The good news is that our nation is better off today than perhaps ever before.
The bad news is that the United States is deeper in debt than ever before. And that is ominous to the dangerous degree.
The ripple effect of this debt has taken on a life of its own, and there seems to be no end in sight. On the surface, it would seem that our troubles started almost over night.
But that is not the case. Trouble began exactly 98 years ago when a limber-brained United States Congress passed the Federal Reserve Act and put control of the national economy in the hands of a banking cartel with European roots.
Down through the years this has resulted in a chain of deliberated depression-recession cycles that have always favored the elite insiders. And in every instance while the economy slowly revives, those “insiders” always grabbed more power.
The poor get poorer and the rich get richer. It is a cruel and deliberate transfer of wealth that has made some people richer than kings of old.
Forty years ago I brought this to the attention of one of the leading economists, I believe, in the United States. He was David Lages, chief economist at what was then Southwest Missouri State.
“It seems we are determined to spend ourselves into oblivion. We give foreign aid to nations that hold our bonds. We have to pay those nations interest to hold our bonds.”
Multiply that enough and you have the perfect way to economic disaster.
Why has Congress permitted this to occur? Why has president after president overlooked this road to ruin?
To my knowledge, the only congressman to seriously tackle this national tragedy was Wright Patman, of Texas. He fought the system for all of his 40 years in Congress, but could never find enough help to kill the system.
When he died several years ago, the only congressman who remained a supporter of new legislation was Ron Paul. Where have you heard that name before?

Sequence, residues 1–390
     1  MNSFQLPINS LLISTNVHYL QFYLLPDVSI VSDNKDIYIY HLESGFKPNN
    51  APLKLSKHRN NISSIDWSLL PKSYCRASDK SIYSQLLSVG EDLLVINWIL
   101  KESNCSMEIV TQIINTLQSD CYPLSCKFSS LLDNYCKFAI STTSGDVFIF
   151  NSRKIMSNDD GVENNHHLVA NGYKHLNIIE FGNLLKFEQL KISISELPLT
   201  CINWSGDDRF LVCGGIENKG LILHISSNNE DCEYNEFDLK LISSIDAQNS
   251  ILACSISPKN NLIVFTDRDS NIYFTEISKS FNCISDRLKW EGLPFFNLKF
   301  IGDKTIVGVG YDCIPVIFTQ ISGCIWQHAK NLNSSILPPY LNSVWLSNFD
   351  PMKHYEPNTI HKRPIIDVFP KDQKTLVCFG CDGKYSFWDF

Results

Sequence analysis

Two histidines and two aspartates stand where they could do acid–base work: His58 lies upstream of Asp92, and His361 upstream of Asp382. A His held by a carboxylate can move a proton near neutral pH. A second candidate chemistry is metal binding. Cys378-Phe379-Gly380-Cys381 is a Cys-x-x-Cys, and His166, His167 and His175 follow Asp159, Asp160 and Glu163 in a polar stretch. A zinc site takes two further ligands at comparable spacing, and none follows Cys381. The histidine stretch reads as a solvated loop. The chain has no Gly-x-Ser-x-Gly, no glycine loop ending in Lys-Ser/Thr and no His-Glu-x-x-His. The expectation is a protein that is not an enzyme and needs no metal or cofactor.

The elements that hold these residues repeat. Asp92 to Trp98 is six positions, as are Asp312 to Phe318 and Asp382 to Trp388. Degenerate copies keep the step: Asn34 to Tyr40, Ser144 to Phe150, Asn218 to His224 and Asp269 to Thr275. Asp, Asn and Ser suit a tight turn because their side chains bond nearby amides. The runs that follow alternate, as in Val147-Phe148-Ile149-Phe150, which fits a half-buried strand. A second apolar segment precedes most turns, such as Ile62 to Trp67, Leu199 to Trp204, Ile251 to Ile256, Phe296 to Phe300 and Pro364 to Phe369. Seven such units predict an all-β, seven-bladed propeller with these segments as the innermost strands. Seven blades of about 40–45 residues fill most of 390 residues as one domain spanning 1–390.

He was one of the several members of Congress that ran for president this year on the Republican ticket.
All of the other candidates are either ignorant of who controls our money or are a part of the tragic system themselves.
It reminds me of the cartoon of the three monkeys, one with hands over his eyes, one with hands over his ears and one with hands over his mouth. “See no evil, hear no evil, speak no evil.”
Okay, now what do we do, now that we are even more deeply in debt because of our economic ignorance, now that the OPEC nations have billions of our dollars in their coffers and we are deeply in debt to virtually every nation in he world, including China, once the poorest of the poor nations?
Let’s imagine this scene: The Board Chairman of the USA walks in the Big Bank to apply for a loan.
Loan officer: “I see by your books you have a cash flow problem. You’ve had operating losses 19 out of the last 20 years and you have accumulated debt of $41.5 trillion private household/business/financial sector debt and $11.4 trillion federal, state and local government debt. How do you account for that?”
USA Board Chairman: “We’ve been a bit loose with foreign aid, as well as domestic development. And we got carried away at Christmas and ran up too much consumer credit. But we have a Gross National Product of over $14 trillion.”
Loan officer: “That is large gross sales all right. But as I thumb through your file I fail to find your financial statement. I find your liabilities, but not a listing of assets.”
USA Board Chairman: “Well, we have no consolidated financial statement. Everybody knows we have adequate assets to cover our debts. There’s all those buildings in Washington, and the military hardware, and the national forests and gold and…”
Loan officer: “We would like to make you a loan. But it is fundamental that anyone receiving a loan must provide a financial statement. I am shocked that an operation as large as yours does not have a complete set of books.”
This is a ridiculous state of affairs. We should know by now that nations can go bankrupt and that bankruptcy carries with it some direful events.
If and when a nation goes bankrupt there is essentially only four ways to get out; 1. Go to war and steal another nation’s assets; 2. repudiate or deny the debt; 3. devalue the currency; 4. tax the people to the bone.
A study of these four “solutions” reveals non are acceptable to a Christian nation.
So, where do we stand, fellow Americans? Are we the ‘Masters of our fate, the Captains of our souls?’
Or are we the dupes of a slick economic scam that threatens to undo the brilliant work of our founding fathers?


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